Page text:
A few weeks ago we brought you news that following the Government’s mini-budget it was confirmed that the off-payroll working rules (known as “IR35”) put in place for public and private sector businesses from 2017 and 2021 would be scrapped from April 2023.
In Mogane v Bradford Teaching Hospitals NHS Foundation Trust the Employment Appeal Tribunal (EAT) considered whether it was fair to dismiss a nurse as redundant on the basis that that her fixed-term contract was due to expire before that of her colleague.
The majority of people do not feel the need to embellish their CV to get that coveted position and move on up the career ladder. Their worthiness and benefit to the hiring organisation are easily demonstrated through the recruitment process – application, psychometric testing, selection day or interview.
In July 2022, the Supreme Court handed down its long-awaited Judgement in the case of Harpur Trust v Brazel relating to the correct calculation of statutory holiday pay for part year workers. This decision has implications for all part year workers on contracts which subsist all year round, whether their hours are normal or irregular.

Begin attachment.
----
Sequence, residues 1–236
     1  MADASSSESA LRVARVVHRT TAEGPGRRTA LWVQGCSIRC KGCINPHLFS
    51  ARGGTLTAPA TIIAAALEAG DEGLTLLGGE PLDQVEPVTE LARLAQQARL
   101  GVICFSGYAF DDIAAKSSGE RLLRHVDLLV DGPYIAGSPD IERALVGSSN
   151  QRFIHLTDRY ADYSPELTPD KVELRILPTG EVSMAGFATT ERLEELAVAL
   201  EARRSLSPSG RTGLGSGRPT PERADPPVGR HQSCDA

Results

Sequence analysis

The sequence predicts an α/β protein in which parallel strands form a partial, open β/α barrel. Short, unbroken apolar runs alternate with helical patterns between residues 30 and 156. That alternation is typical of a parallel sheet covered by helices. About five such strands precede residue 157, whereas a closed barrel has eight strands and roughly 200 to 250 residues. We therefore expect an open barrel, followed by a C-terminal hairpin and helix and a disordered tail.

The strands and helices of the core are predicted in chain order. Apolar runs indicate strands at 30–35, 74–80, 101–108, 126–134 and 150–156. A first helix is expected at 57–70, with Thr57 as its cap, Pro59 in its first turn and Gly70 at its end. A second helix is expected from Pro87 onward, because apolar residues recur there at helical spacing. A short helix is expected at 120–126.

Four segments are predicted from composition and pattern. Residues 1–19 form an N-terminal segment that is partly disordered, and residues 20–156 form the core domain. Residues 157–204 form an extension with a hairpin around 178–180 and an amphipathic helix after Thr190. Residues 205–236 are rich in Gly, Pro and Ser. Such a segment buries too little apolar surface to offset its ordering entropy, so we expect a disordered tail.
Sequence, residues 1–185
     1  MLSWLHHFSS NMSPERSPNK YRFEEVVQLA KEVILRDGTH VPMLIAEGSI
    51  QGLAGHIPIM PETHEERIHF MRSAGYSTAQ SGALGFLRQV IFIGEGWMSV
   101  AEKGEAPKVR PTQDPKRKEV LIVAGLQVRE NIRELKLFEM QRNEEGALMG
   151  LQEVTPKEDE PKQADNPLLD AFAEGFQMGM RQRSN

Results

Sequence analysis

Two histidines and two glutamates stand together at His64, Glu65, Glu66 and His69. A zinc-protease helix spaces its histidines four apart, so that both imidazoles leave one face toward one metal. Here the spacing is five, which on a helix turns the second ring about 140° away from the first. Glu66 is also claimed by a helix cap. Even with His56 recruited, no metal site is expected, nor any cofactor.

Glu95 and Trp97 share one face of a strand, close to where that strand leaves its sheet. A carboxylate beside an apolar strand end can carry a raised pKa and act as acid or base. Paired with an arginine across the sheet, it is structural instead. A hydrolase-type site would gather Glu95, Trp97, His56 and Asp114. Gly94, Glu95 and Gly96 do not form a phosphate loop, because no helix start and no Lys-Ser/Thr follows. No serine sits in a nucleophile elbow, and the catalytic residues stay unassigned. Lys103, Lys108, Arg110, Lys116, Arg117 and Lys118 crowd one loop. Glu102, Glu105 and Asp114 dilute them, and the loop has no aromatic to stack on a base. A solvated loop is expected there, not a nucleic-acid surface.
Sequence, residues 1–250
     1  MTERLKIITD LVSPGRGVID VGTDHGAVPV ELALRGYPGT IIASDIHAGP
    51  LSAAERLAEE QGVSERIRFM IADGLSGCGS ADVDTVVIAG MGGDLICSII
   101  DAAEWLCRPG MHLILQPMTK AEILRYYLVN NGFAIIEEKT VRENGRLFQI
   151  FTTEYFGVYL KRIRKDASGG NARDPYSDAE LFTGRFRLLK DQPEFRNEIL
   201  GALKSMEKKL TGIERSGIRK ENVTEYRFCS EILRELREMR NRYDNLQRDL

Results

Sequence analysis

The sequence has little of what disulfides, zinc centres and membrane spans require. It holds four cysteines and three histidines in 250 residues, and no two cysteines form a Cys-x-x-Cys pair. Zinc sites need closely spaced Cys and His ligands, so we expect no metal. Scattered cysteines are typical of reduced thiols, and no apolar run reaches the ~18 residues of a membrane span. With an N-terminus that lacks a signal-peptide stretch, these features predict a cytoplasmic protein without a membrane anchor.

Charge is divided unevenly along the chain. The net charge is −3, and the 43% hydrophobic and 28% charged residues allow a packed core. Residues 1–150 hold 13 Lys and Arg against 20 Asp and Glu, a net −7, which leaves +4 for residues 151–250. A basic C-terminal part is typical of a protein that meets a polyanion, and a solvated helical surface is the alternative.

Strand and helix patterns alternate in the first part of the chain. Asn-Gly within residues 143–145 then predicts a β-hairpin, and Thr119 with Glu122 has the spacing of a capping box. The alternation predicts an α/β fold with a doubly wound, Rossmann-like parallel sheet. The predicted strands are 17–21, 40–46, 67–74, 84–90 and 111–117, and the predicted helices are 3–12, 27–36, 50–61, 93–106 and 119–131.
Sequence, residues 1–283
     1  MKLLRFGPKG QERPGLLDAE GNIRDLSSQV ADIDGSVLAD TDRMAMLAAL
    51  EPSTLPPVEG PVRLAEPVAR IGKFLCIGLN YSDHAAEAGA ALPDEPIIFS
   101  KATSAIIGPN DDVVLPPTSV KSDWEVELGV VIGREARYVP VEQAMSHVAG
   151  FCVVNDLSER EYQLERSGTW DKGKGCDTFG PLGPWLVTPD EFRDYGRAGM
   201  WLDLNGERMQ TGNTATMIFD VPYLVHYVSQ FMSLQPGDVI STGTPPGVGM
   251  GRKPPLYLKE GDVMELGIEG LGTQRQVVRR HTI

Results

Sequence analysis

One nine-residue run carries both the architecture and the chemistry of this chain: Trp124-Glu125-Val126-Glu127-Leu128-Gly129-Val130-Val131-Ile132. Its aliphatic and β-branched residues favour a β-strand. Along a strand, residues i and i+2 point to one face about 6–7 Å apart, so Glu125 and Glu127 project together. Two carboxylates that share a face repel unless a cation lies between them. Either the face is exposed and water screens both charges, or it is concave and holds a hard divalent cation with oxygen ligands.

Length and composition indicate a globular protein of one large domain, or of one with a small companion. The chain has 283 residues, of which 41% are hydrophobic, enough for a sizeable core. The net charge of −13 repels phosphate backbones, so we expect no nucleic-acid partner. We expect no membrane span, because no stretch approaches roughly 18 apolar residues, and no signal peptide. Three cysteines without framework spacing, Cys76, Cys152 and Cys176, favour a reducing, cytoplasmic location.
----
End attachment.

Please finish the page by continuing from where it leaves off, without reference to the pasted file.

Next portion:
The Government has announced a change to the categorisation of “small” businesses to reduce the amount of regulatory compliance (or “red tape”) required. Currently, SMEs (those with fewer than 250 employees) are exempt from certain regulations – such as the obligation to comply with gender pay reporting. With effect from 3 October, these exemptions will be widened to apply to businesses with fewer than 500 employees.
In University of Dundee v Chakraborty, the Employment Appeal Tribunal (EAT) considered whether a first draft of a grievance report could retrospectively be deemed to be privileged.
The Chancellor’s recent mini-budget provided a significant announcement for business as it was confirmed that the off-payroll working rules (known as “IR35”) put in place for public and private sector businesses from 2017 and 2021 will be scrapped from April 2023.
The Government has published the Retained EU Revocation and Reform Bill which, if passed, provides for the revocation of all “EU-derived subordinate legislation” (i.e. UK statutory instruments which were introduced to implement EU law) and retained direct EU legislation on 31 December 2023, unless legislation is specifically introduced to save them.